Chris Waller, a member of the Federal Reserve System’s Board of Governors, appears to believe a central bank digital currency (CBDC) is not needed and will also not fix the existing problems.
Today, Waller told Michael Strain of the American Enterprise Institute that he was “very suspicious” of a central bank digital currency that would fix problems with present payment systems.
He believes that the US government should only interfere with a viable digital solution if major market failures occur.
“As of now, I’m not confident that a CBDC would fix any existing problem that isn’t being addressed more quickly and efficiently by other initiatives,” Waller said.
He continued, “
“The private sector is already developing cheaper payment alternatives to compete with the banking system, hence it seems unnecessary for the Federal Reserve to create a CBDC to drive down payment [systems] we see by banks […] Facilitating speedier payments is not a compelling reason to create a CBDC.”
The Fed governor stated specifically that he feels the government should not compete with the private sector because the potential benefits of a CBDC could be overshadowed by privacy issues, and it would likely not address the issue of financial inclusion or drive faster and cheaper payments.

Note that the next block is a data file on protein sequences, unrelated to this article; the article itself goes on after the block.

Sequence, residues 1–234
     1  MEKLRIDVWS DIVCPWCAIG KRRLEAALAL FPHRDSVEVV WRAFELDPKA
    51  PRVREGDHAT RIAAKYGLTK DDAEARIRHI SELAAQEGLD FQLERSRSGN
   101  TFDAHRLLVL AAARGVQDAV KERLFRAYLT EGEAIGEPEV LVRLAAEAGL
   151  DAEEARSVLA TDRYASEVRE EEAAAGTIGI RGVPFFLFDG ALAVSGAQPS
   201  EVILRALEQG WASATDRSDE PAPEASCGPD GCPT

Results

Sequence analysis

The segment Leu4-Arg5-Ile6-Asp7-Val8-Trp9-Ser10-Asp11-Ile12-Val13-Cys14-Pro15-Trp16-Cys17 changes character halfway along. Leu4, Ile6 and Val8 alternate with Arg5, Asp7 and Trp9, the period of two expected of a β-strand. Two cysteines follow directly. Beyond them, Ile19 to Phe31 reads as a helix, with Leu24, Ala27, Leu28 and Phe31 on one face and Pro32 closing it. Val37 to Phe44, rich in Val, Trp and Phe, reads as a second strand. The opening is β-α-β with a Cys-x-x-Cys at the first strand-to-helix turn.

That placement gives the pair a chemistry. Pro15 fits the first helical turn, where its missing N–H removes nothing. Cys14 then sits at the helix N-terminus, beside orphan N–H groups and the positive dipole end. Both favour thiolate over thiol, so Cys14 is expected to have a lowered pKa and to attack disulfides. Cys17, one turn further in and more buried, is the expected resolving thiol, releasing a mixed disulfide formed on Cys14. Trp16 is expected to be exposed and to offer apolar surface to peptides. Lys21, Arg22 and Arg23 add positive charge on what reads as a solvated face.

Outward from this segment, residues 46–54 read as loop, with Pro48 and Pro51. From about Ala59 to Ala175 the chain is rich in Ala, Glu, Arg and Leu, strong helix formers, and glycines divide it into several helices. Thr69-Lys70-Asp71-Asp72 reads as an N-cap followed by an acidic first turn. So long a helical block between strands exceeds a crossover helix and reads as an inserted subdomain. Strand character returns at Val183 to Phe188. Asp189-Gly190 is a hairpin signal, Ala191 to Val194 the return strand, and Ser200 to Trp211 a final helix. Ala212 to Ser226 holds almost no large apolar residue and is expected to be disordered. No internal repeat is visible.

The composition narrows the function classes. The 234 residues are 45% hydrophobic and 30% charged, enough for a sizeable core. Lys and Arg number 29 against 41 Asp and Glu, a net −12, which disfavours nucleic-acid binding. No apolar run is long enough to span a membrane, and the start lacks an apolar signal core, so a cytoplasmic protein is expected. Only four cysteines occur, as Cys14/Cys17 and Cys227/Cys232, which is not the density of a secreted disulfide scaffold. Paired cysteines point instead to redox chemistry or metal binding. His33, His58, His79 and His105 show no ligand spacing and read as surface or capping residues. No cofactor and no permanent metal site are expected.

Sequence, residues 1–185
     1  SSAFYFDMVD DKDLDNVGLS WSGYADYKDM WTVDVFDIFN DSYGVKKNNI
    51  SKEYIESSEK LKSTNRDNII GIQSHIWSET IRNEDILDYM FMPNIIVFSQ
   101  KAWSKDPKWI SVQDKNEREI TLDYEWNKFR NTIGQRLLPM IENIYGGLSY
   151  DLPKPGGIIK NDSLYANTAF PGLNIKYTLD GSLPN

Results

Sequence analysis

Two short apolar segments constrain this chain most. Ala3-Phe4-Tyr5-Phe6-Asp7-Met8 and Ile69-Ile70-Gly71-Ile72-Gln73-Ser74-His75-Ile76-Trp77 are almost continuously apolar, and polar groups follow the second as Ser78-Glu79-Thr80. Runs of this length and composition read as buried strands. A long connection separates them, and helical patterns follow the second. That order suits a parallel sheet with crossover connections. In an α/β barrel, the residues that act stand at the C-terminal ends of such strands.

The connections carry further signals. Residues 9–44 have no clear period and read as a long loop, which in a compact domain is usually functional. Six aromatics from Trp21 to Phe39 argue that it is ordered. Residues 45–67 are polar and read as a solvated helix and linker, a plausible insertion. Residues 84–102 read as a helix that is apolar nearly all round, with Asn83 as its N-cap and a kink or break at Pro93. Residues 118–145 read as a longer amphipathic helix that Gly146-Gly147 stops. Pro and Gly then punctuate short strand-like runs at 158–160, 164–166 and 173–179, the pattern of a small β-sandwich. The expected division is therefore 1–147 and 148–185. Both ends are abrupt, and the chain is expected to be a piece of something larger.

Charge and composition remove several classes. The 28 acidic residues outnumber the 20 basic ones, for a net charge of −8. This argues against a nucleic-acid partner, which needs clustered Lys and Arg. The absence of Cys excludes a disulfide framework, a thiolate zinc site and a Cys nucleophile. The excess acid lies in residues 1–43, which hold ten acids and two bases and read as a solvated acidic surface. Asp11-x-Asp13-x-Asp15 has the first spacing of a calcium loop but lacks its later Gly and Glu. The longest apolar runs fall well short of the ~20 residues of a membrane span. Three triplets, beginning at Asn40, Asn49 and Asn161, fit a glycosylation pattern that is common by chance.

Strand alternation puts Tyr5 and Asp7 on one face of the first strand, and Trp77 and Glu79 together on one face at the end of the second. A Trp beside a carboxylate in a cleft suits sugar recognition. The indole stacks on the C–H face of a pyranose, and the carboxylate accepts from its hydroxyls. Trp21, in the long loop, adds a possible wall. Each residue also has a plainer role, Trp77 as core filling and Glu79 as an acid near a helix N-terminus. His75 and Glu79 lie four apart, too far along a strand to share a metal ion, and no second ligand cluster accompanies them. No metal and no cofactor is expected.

According to a 2019 poll conducted by the Federal Deposit Insurance Corporation, barely 1% of families in the United States are both unbanked and interested in using a CBDC.
Waller, on the other hand, highlighted reservations about potential CBDC designs that would give the Fed access to “a large quantity of information” from account holders.
The system, according to the Fed governor, would make it a tempting target for hackers and would be more analogous to China regulating how it watches its residents’ digital yuan transactions.
“A CBDC remains a solution in search of a problem.”
Waller’s remarks come two months after Federal Reserve Chairman Jerome Powell announced that the government agency would issue a discussion paper on CBDCs in the United States, inviting the public to comment “on issues related to payments, financial inclusion, data privacy, and information security.”
Powell stated that the document would be released this summer, allowing the Fed around six weeks to complete it.
Unlike Waller, Powell has been more reserved in his public views on CBDCs, frequently stating that it is more vital “to get it right than to be first” when it comes to launching a digital currency.
Robert Kaplan, the president of the Dallas Federal Reserve, said in November that the Fed’s focus on building a digital currency is “important.”
When comparing a central bank-issued digital currency to cryptocurrencies like Bitcoin, several US senators have come out in favour of CBDCs (BTC).
Senator Elizabeth Warren, a Democrat, said the tokens had “huge promise” in June, calling CBDCs “genuine digital public money” that might supplant “bogus digital private money” like cryptocurrency.